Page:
Sunday, December 27, 2015

The virgin shall conceive and bear a son

Isa 7:14 is a traditional Messianic prooftext. In modern times, however, Matthew's citation is often treated as an embarrassment. Supposedly, Matthew ripped the passage out of context. A few observations:

i) Parthenos isn't Matthew's rendering. Rather, that's the LXX. So that's a pre-Christian Jewish rendering of the passage. 

ii) It's often said that if Isaiah wanted to stress the virginity of the woman, he'd use betulah rather than almah. But based on comparative usage, there's no evidence that betulah is more virginal than almah–and possibly less so. (cf. Alec Motyer, E. J. Young, Gordon Wenham, Brevard Childs). Every occurrence of almah arguably refers to a virgin. 

(Mind you, there's a difference between what a word means, and what it refers to. But the meaning of a word is established by occurrences of the word. So that's not always so easy to distinguish in practice.)

The real contrast is between almah and ishshah–the customary word for "wife". Some commentators think the text is alluding to the wife of Isaiah or the wife of Ahaz. But in that case we'd expect the text to use ishshah

In fact, it's striking that the text never identifies the woman. If she was Isaiah's contemporary, why be so reticent? 

iii) I think both liberals and conservatives overemphasize the importance of what word is used. Even if Hebrew had a technical term for "virgin," which Isaiah used in this passage, merely using the word "virgin" wouldn't imply parthenogenesis. After all, it's quite possible for a virgin to become pregnant when she has sexual intercourse for the first time. Also, in theory, it would refer to a virgin who will become pregnant subsequent to marriage. The word is consistent with a virginal conception, but doesn't entail that.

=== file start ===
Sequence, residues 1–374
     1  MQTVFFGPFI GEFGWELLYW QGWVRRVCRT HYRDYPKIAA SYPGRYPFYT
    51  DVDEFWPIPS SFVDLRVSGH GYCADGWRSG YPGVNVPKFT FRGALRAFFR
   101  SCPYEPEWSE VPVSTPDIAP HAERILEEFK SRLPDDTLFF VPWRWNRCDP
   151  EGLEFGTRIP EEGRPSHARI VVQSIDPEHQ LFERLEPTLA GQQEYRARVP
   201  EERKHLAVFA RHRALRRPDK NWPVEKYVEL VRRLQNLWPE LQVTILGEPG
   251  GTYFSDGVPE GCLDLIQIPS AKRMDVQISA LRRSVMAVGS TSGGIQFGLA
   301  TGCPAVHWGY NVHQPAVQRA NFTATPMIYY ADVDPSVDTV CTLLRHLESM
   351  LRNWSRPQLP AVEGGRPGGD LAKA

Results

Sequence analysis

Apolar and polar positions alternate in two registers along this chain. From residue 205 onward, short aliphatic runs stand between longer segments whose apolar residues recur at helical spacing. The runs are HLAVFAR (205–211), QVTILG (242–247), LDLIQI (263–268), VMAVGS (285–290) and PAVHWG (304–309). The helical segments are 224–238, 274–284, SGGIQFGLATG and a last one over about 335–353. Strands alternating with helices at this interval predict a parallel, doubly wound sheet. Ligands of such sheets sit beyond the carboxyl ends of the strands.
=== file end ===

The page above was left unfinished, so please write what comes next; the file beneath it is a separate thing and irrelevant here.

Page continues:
iv) In Matthew and Luke, the virgin birth isn't based on a particular word, but on the narrative context, where Mary conceives a child apart from sexual intercourse. 

v) In Isaiah, the miraculous connotations of the event aren't confined to how the woman is classified. In addition, this is said to be a "sign" (v10). 

In theory, a sign needn't be miraculous. However, the sign is cast in terms that suggest a supernatural event ("Ask a sign of the Lord your God; let it be deep as Sheol or high as heaven"). It might be as spectacular as raising the dead from Sheol. Yahweh gives Ahaz carte blanche.

And that's reinforced by the similar passage in Isa 38:7-8, where God reverses the sundial. 

In addition, as R. T. France has noted, the language in Isa 7:14 evokes Gen 17:19, which foretells another miraculous conception. 

v) John Walton thinks the sign is the name of the child. Yet the sign is evidentiary. But merely naming a child isn't evidential confirmation of the oracle. That would be self-fulfilling. To function as confirmatory evidence, the sign must be something special.

vi) In addition, signs can be future confirmations ("fulfillment signs"), subsequent to the event in question (e.g. Isa 37:30ff.; 44:28-45:1; Exod 3:12; 1 Kgs 13; 2 Kgs 19). So the passage can be an oracle about the distant future rather than the near future. 

vii) In addition to the mysterious woman, you have the even more mysterious child. As scholars like Alec Motyer and Joseph Jensen have documented, the career of this child extends through the events of Isa 11. Projected into a hazy future. 

Not coincidentally, having quoted Isa 7 in Mt 2, the evangelist quotes Isa 9 in Mt 4. Matthew perceives the prophetic narrative unity of Isa 7-12. He has a good grasp of narrative theology, and picks up where he left off. Indeed, his discernment is more penetrating than many commentators. 

So what we have in Isaiah 7 is a very intriguing prophecy. It would leave the original reader scratching his head. Who is this woman? Who is this child? What is the sign? When will this happen? 

The passage raises more questions than it answers. And that's what we'd expect in the case of long-range prophecy, which raises questions that can only be answered centuries later, at the time of fulfillment. The passage is more complex than traditional prootexting suggests. However, the complications reinforce the propriety of Matthew's citation. 

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